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Binding a Quilt

a narrow binding on a small quilt

The finishing touch to a quilt is the addition of a binding strip around the outer edges.  This is done for a couple of reasons.

The outside edge of a quilt is the most susceptible to wear.  The binding strengthens the quilt. 

It is also the last chance to add a decorative element to the quilt.  Some quilters like a wide binding, and others, like myself, like a narrow, tight binding.

However, all quilters agree that a folded, double edge binding is best.

If your quilt has rounded edges, you will want to make a bias binding.  These instruction are for a quilt that has straight edges.

Some quilters find the binding the most challenging part of making a quilt. Once learned, it is not hard to do It just takes time. However, thefinal hand sewing can be both relaxing and rewarding.  So here we go!

The edges of the binding strip are sewn on before the fabric, batting and backing edges are trimmed.  How much fabric you leave, depends on your binding width.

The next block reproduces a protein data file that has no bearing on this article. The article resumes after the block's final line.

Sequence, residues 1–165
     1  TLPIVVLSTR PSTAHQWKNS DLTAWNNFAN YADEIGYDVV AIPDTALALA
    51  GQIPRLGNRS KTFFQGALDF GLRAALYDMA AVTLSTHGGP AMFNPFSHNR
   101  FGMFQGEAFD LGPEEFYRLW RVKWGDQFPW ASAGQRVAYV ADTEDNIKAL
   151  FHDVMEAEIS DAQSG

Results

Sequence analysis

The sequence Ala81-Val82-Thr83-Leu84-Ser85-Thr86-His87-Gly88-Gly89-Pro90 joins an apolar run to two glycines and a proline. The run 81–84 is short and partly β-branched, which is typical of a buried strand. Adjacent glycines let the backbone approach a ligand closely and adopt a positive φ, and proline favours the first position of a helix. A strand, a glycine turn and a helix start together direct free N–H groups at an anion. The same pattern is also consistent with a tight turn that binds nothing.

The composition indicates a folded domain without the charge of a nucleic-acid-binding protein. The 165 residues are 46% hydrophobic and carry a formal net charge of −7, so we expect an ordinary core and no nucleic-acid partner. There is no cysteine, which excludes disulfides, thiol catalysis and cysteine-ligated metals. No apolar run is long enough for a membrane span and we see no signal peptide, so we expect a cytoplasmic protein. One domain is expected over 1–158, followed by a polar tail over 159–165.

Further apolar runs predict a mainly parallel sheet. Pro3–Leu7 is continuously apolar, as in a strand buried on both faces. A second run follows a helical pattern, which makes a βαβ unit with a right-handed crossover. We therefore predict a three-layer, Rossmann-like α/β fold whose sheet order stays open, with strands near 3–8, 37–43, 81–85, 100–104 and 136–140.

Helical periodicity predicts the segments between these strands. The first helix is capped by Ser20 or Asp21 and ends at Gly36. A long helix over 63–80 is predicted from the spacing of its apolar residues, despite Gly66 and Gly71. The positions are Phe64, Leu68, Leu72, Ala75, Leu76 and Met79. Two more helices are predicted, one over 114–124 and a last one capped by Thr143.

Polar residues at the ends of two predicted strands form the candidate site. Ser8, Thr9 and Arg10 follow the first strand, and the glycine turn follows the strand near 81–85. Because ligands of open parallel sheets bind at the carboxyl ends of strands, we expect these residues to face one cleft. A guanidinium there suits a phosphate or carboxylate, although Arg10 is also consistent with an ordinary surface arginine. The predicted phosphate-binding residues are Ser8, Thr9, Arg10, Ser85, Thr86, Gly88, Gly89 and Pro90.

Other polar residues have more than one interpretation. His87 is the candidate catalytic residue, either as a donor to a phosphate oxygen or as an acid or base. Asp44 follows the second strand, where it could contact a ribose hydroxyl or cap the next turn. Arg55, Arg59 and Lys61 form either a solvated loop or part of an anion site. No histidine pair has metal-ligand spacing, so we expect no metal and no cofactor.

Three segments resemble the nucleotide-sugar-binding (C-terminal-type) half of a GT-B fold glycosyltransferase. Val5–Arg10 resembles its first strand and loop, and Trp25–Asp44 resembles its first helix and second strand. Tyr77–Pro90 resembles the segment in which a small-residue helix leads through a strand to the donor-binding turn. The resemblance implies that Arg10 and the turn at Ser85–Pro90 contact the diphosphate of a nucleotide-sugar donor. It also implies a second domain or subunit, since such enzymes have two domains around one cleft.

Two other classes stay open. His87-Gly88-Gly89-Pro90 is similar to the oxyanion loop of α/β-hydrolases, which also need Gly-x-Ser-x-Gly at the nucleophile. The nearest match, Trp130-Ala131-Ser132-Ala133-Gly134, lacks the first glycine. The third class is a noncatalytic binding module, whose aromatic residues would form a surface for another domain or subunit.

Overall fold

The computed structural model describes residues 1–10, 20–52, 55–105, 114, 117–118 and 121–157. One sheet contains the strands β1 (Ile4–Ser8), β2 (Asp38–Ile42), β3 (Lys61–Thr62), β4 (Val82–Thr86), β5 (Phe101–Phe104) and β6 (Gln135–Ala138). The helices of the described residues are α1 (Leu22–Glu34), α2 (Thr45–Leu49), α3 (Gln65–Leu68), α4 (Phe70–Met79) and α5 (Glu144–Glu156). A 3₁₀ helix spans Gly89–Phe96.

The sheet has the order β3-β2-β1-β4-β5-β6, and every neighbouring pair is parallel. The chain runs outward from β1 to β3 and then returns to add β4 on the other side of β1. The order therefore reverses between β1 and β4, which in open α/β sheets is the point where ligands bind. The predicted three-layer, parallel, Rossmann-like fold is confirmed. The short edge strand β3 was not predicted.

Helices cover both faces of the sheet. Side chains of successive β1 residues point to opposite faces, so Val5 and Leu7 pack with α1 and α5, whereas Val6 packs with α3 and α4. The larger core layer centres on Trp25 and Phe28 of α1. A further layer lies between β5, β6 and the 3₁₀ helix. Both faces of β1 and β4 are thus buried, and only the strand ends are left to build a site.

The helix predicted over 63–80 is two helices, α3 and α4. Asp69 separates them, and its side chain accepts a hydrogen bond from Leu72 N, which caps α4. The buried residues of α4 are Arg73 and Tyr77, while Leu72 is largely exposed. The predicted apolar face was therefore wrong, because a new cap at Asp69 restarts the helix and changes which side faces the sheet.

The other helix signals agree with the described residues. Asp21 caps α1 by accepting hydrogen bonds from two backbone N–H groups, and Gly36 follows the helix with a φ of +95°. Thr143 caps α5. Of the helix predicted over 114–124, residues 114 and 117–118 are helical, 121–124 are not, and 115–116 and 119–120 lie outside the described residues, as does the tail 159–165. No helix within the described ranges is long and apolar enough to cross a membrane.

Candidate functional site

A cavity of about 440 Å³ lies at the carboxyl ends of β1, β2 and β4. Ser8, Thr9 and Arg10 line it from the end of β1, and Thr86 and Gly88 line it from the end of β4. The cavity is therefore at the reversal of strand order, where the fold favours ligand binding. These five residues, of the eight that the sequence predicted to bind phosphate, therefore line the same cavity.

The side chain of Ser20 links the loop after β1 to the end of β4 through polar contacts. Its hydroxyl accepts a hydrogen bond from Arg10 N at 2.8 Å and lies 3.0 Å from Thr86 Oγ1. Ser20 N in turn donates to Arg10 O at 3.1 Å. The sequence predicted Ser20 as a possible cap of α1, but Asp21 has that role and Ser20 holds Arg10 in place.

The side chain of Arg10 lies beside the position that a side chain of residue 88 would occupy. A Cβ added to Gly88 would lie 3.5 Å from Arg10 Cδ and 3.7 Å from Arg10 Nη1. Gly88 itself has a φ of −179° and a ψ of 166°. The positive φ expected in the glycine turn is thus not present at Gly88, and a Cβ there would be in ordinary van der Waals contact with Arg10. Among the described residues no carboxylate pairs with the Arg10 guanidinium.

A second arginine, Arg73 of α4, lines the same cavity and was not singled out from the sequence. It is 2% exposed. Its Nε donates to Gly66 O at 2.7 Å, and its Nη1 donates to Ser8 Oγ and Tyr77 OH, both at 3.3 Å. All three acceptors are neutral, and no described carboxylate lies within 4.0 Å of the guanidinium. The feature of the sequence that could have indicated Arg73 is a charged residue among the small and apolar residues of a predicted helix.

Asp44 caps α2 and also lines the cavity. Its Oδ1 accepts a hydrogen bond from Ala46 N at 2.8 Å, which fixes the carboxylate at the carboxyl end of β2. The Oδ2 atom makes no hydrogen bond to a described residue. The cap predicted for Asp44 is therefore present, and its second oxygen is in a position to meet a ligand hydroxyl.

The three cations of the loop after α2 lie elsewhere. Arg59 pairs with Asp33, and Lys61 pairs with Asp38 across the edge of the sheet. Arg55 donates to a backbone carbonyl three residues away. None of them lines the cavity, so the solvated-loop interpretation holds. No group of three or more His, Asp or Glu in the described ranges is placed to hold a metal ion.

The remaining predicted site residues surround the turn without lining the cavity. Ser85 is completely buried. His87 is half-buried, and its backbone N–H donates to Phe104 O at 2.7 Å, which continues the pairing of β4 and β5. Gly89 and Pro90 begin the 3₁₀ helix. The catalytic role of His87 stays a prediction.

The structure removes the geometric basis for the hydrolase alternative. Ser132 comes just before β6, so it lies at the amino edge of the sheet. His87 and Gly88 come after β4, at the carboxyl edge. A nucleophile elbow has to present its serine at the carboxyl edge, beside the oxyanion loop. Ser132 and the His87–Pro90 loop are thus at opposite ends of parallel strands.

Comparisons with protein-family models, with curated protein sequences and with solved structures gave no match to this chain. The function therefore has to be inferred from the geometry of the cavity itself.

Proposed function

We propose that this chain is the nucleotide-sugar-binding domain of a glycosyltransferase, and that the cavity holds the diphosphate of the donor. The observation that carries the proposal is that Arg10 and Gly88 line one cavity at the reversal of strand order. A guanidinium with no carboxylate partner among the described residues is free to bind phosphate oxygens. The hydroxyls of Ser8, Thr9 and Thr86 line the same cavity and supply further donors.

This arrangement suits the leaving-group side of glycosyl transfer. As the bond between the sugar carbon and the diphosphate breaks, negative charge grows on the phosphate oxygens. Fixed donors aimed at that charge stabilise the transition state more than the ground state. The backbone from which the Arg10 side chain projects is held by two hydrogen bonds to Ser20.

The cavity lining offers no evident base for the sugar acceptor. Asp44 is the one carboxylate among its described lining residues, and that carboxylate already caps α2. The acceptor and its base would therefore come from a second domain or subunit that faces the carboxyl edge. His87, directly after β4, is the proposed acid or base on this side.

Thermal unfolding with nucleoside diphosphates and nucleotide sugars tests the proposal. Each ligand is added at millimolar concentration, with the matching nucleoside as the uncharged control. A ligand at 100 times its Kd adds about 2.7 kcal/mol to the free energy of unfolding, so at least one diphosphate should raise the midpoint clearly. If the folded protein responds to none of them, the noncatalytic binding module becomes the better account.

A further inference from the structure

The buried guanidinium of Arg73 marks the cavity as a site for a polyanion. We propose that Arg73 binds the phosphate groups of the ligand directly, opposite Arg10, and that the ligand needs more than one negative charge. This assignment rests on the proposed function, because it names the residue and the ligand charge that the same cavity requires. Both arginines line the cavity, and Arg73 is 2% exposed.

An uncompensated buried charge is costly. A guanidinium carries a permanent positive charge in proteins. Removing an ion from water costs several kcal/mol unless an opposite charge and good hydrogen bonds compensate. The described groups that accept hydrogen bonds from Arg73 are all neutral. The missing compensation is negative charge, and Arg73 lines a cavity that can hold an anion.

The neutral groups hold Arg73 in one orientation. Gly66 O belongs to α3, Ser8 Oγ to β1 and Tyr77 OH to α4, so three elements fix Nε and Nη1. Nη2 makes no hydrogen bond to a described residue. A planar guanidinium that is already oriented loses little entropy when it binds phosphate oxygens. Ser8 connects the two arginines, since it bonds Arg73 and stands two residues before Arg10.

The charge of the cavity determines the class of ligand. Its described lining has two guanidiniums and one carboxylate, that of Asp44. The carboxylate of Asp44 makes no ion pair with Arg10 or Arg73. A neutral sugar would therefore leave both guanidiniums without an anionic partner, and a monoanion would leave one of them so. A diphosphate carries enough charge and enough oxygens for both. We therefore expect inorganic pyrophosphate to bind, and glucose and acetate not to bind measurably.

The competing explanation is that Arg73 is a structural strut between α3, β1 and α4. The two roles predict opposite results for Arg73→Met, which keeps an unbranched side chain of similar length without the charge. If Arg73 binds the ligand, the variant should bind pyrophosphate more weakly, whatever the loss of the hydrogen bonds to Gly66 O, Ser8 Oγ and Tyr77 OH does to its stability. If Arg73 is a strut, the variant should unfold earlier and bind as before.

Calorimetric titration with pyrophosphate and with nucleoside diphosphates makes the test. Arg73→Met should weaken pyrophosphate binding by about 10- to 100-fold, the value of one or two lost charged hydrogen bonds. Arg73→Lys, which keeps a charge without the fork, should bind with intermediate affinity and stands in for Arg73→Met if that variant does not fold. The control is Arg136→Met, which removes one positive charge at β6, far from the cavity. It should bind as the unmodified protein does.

Your binding strip must be long enough to wrap around the quilt, with 8 plus inches to spare. When you trim the edge of the quilt, and wrap the binding aroud to the back, you want the binding to be filled with batting.

The picture at the top of the page is part of the top edge of a tablerunner.  You can see it is very narrow, but provides a nice finishing touch.  I used a sold fabric, which is usually a safe choice.   In this case, because of the small size of the tablerunner, the binding strip was only cut 1 7/8 inches wide.

You begin by cutting your strips at your desired width (remembering that they will be folded in half).  You can use a rotary cutter, or you may be able to tear it. Just check, before tearing, that your fabric tears straight.  You will have to deal with loose threads, but it will quickly give you a nice even width strip. It will be wavy, but will iron straight.